The MacBook isn't an overly-difficult model when compared to other models like the iBook G3s and iBook G4s. However, you will need to have some familiarity with notebook innards and have a methodology in place before you begin. Here's what I recommend to people when I train them:

1) First, have good guides. If you're lucky enough to have Apple's Take-Aparts from Service Source, excellent. If not, you can get most (non-Apple-authored) take-apart guides from iFixit. I do not recommend doing this repair without a take-apart to follow unless you've done a few of this model before and have steps memorized.

2) Get a cheap ice-cube tray. Readily available at any Dollar Store.

3) When you start your take-apart, have plenty of space on your table or work area. When you put a part aside after removing it, put it in a "chronological" order. If Step 2 is to remove the RAM L-shaped door, then it should be in "spot 2" in your assembly line. This makes it easy to reverse your steps when you're putting it back together.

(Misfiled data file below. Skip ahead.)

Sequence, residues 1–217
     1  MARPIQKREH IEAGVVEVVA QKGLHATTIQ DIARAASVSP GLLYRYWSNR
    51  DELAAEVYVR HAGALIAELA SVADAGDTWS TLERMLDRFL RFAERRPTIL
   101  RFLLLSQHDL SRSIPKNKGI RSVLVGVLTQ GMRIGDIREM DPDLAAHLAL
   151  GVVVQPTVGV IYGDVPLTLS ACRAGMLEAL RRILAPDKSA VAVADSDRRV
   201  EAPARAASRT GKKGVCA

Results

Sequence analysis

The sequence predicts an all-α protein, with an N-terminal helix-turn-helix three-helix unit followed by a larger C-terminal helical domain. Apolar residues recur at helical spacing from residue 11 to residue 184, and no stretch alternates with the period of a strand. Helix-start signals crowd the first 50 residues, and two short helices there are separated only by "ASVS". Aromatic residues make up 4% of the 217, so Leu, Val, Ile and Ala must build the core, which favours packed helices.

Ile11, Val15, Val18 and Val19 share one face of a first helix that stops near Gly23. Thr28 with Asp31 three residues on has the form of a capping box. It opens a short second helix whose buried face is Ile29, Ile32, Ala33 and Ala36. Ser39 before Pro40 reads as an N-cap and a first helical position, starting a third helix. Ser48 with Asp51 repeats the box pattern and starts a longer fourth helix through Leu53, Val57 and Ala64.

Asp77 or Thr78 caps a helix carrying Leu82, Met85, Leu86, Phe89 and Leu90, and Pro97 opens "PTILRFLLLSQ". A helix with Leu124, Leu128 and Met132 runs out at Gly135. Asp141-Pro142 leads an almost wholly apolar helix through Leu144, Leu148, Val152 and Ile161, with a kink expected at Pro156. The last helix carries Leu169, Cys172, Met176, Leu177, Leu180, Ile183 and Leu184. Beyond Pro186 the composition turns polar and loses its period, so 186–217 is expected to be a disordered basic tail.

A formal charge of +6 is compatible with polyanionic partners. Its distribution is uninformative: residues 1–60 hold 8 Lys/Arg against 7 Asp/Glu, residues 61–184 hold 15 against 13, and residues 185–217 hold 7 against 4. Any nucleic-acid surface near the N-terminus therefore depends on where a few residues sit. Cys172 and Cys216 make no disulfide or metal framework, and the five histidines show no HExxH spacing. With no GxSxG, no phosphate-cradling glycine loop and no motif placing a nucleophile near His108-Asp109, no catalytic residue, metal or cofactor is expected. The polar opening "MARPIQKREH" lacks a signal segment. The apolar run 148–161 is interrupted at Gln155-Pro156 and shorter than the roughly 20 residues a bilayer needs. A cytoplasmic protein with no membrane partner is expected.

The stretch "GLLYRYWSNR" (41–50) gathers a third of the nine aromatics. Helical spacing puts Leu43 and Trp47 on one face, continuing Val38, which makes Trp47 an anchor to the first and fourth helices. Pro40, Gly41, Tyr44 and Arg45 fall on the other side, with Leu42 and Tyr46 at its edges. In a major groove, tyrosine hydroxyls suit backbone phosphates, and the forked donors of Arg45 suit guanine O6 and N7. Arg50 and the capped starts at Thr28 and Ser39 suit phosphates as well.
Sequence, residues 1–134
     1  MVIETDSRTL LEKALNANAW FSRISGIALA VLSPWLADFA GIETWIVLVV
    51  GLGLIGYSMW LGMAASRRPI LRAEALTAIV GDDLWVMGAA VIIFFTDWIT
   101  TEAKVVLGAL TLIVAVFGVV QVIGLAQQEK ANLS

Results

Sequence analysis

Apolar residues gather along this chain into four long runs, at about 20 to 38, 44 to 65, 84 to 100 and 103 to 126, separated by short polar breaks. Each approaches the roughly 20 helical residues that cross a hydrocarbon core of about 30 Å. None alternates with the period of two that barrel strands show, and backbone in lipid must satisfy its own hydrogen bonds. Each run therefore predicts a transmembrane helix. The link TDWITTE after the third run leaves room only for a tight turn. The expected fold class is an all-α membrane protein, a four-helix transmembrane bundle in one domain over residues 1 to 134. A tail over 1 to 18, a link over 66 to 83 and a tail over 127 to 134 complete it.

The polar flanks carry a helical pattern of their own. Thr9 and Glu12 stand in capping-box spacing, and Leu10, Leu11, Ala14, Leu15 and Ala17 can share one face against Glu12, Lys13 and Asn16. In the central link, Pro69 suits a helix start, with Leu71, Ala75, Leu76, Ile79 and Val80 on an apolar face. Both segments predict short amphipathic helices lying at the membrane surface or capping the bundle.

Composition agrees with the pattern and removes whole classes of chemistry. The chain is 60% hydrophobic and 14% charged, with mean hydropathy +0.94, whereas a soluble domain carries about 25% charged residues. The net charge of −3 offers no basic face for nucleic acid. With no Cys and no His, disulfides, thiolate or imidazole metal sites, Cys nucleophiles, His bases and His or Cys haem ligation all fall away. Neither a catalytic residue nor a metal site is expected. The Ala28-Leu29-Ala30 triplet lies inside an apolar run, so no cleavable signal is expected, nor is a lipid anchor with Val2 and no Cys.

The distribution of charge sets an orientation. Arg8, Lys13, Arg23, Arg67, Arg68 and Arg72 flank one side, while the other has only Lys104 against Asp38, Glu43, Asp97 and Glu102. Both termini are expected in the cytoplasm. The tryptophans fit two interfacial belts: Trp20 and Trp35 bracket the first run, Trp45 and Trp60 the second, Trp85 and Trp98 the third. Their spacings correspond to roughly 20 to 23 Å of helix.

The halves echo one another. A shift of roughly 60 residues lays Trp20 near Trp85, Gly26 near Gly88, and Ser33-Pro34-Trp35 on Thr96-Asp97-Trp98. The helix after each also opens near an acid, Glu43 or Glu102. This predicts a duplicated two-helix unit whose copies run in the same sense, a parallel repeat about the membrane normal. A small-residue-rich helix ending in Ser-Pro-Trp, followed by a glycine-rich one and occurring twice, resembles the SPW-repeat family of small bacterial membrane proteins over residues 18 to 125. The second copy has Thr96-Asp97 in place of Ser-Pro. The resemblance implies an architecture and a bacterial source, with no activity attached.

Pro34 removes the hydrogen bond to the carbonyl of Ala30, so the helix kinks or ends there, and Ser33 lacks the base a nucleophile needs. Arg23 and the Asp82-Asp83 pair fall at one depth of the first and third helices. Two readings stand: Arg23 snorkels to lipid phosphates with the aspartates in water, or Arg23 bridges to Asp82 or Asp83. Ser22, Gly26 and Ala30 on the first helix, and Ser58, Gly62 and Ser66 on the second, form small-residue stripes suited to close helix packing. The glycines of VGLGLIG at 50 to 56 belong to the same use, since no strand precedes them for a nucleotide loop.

4) Similarly with the ice-cube tray. Each "grouping" of screws (one group per step) should reside in its own ice cube well. Don't mix up the screws from different steps or you'll have a very hard time figuring out which screws go where during re-assembly, even with a take-apart. Note that some steps have differently-sized screws: 12mm & 14mm, for example.

5) The tools you should have are: a plastic black stick tool or similar, a T6 and T8 driver (preferably magnetic), and a 00 philips driver (preferably magnetic), and a plastic rectangle similar to a credit card (I sometime use a CC, actually) for separating the top case from the bottom case.

Go slow and meticulously. Double-check your steps from the take-apart. Everything has a place and purpose (except those silly cosmetic screws on one side of the MacBook), and you should be fine. Good luck.